Be the bug, easy to figure out: Charges laid over NZ gastro outbreak

In August, 2016, 5,200 people were sickened with Campylobactor  after the Havelock North, NZ, water supply was contaminated.

vomit-dontLast week, the Hawke’s Bay District Health Board’s public health unit followed up reports of a gastro illness circulating in the community.

On Nov. 18, 2016 Hawke’s Bay Regional Council laid charges against a party for alleged offences uncovered in the course of its investigation into the contamination of Havelock North drinking water.

The charges were laid after the council investigated the source of the contamination that resulted in more than 5000 people getting sick, and the condition of water supply bores in the area.

The council said its investigations had found evidence of a breach of the maintenance conditions of the party’s resource consent. If a breach was proved, the resource consent no longer permitted the taking of water.

The council has commenced a prosecution against the party, alleging the unlawful taking of water from the aquifer arising from the alleged failure to meet well head maintenance conditions.

Council chief executive Andrew Newman said the drinking water contamination has had a devastating effect on the Havelock North community with wider regional impacts and the council was “very keen to see the cause of the contamination identified and to ensure it does not happen again”.  

He said his council had more than 15 people working on its investigations.

These included council scientists, and Environmental Science Research (ESR) with expertise in the environment, land use, water and climate, as well as dye tracing experts.

He said their investigations had included surface and groundwater quality, the bore infrastructure, water pathways in the local environment and livestock in nearby paddocks.

5530 sick 39% of residents: Health board discloses full extent of Campy in NZ water outbreak

Forty-five people, mostly over 70 were admitted to hospital with campylobacter a Hawke’s Bay District Health Board update reveals.

poop-water-nz-nov-16The DHB has conducted four surveys since the event in August, the latest on September 27 and 28, the results of which they collated with the previous findings.

The surveys were conducted by telephone and the latest figures brought the estimated total number of residents affected by gastroenteritis to 5530 or 39 per cent of Havelock North’s population, 1072 of those confirmed cases.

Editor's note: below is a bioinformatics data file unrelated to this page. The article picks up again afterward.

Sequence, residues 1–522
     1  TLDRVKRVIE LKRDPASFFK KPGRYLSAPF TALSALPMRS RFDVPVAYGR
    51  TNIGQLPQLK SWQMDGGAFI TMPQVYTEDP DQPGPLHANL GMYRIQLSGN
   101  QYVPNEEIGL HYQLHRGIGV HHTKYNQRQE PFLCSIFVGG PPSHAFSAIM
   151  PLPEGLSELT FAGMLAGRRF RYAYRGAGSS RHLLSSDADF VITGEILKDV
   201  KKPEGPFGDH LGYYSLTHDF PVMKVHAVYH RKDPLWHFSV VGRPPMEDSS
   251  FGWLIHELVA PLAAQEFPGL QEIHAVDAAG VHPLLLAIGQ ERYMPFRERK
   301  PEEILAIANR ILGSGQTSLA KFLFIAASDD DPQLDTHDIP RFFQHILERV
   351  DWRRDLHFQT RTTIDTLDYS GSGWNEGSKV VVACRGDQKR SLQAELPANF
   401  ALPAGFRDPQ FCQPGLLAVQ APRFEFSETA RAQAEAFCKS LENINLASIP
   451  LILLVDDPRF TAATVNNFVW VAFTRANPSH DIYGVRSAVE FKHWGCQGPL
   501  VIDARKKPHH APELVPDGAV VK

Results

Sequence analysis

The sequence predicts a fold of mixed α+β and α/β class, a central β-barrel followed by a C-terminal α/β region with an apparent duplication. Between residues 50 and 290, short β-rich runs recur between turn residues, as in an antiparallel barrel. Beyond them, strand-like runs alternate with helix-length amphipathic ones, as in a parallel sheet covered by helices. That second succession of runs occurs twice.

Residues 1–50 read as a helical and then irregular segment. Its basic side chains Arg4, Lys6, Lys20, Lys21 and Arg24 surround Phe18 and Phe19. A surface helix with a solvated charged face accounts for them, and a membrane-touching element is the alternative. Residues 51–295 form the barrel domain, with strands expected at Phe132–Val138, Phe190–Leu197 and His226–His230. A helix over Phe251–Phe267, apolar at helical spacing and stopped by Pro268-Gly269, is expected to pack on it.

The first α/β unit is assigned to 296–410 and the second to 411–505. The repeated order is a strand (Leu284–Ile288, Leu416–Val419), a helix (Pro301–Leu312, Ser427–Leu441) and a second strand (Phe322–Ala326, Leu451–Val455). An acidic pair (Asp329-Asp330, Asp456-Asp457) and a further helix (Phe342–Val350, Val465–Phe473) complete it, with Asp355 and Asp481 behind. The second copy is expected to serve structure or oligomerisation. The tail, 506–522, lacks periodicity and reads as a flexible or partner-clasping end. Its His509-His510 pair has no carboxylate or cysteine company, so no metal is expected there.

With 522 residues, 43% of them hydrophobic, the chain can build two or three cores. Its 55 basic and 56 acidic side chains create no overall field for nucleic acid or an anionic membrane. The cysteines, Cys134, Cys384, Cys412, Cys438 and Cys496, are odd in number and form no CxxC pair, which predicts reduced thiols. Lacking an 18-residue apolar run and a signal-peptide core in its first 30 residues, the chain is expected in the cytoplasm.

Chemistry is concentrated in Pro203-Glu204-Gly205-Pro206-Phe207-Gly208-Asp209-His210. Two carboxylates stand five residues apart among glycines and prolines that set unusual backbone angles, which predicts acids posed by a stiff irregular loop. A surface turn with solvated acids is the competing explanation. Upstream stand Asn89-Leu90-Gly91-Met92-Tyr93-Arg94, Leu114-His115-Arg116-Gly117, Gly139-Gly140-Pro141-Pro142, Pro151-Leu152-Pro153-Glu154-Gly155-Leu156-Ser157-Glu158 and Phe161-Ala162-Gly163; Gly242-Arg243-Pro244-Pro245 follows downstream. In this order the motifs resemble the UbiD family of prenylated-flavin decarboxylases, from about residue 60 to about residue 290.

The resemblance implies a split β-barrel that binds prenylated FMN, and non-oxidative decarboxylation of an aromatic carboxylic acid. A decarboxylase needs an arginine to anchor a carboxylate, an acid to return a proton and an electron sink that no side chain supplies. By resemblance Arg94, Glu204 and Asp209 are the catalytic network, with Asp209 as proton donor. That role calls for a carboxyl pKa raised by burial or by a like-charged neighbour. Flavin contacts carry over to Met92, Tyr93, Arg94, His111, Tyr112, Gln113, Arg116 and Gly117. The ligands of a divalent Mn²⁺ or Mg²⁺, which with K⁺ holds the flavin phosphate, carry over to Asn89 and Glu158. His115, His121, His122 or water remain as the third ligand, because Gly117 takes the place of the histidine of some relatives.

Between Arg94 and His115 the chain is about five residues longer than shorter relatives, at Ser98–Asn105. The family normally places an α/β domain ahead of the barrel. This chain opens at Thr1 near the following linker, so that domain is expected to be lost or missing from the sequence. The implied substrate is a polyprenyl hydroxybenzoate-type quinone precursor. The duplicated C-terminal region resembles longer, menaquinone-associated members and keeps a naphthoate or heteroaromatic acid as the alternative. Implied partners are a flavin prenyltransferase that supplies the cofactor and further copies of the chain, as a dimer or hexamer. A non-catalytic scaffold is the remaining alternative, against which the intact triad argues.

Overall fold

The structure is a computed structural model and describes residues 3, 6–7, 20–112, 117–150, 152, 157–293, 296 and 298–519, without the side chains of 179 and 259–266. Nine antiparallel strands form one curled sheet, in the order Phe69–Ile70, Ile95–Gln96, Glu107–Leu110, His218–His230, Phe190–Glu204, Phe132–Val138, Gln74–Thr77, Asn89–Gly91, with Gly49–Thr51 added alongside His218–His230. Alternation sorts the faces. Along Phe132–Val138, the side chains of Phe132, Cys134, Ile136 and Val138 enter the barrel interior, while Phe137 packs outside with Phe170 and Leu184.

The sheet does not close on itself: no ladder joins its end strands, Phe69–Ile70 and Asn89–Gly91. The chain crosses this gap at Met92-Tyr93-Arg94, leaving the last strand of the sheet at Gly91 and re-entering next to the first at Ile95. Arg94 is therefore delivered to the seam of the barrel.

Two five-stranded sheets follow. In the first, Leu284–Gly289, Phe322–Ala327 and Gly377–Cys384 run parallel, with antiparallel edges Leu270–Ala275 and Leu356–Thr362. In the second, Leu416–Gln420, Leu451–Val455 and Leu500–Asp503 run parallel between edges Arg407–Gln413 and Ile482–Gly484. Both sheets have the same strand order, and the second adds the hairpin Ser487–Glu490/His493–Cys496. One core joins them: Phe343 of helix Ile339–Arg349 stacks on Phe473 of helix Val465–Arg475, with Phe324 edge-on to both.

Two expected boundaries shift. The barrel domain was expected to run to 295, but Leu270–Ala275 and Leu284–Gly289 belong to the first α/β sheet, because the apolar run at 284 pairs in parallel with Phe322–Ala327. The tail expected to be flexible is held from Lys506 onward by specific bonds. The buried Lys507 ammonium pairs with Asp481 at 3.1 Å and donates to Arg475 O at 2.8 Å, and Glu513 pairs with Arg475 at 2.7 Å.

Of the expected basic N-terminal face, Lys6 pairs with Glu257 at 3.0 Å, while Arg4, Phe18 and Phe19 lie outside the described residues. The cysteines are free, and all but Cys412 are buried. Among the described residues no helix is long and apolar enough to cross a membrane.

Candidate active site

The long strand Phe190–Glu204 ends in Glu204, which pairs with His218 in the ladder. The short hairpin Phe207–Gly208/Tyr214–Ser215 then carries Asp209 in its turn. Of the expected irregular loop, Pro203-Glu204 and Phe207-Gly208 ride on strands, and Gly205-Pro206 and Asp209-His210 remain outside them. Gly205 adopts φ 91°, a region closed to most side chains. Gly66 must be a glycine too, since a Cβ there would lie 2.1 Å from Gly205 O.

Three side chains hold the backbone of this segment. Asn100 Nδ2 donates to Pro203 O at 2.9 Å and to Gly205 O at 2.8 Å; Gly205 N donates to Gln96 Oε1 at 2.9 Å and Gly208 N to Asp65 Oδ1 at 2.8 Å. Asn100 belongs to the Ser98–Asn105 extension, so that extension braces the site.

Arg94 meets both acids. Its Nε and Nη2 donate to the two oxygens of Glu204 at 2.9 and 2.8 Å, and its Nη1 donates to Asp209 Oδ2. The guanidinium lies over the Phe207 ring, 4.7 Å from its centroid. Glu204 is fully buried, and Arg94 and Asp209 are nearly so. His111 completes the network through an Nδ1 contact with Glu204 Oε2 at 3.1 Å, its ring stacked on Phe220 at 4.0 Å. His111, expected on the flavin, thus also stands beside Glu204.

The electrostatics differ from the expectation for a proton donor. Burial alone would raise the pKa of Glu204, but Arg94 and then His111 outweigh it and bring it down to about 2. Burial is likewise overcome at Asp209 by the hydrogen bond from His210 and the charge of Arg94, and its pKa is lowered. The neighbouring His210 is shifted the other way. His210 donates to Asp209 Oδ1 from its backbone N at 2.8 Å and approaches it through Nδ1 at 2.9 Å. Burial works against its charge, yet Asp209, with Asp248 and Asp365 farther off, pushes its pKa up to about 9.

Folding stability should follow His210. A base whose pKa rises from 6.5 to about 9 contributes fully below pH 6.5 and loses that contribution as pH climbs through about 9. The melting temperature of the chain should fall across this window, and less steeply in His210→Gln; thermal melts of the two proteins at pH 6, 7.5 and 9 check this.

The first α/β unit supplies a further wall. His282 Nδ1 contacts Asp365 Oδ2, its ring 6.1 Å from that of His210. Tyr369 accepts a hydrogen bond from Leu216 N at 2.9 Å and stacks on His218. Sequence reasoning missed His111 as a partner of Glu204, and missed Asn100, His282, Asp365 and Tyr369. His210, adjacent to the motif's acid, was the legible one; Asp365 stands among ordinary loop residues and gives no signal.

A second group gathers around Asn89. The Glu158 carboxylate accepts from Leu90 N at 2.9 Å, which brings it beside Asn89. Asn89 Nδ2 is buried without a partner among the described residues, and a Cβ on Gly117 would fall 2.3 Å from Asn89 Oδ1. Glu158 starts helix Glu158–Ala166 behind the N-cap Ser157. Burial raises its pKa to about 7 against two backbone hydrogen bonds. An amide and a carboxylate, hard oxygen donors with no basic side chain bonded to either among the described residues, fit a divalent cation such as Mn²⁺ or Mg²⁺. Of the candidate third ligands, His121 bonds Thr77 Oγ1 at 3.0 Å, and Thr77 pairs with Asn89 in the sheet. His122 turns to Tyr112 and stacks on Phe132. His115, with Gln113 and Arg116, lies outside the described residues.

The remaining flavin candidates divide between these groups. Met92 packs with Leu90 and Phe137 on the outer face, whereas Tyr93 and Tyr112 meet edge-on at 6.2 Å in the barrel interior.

Of those hospitalised, as of October 10, 27 were aged over 70, followed by four in the 60-69 year age group, four in the 40-49 age group and three in the 50-59 age group.

Four people under the age of 20 also ended up in hospital.

The total number of people who had developed the rare complication from campylobacter, Guillan Barre Syndrome, was reported to be three people. As the incubation time was up to four weeks, it was considered that any new cases now would not be linked to the original outbreak.

Of the estimated 5530 residents who were affected, 32 per cent had a recurrence of the bug, and as of September 28 four people were experiencing ongoing symptoms.

At the time an estimated 78 per cent of people who had symptoms took time off work or school.

Blocking Campy’s ability to latch on

A team at Griffith University in Queensland, Australia, has found a way to disable one sensor of Campylobacter jejuni, that stops it from being able to attach to its host and therefore cause gastroenteritis.

chickenThe findings were published in Nature Communications and show a wide range of possibilities for tackling various strands of gastro, lead researcher Professor Victoria Korolik said.

“We conducted the study in chickens by disabling this particular sensor (CcrG) and we found that it does reduce the level of colonisation,” she said.

“We found this sensor (CcrG) does not occur in all strains of this bacteria, only in about 10 or 11 per cent, but those strains tend to be those isolated from really sick people such as those that have meningitis as a consequence of gastro.”

Professor Korolik described the sensor as a type of “hand” that grabbed onto a specific molecule within the stomach of its host that could lead the bacteria to cells from which to colonise and cause gastroenteritis.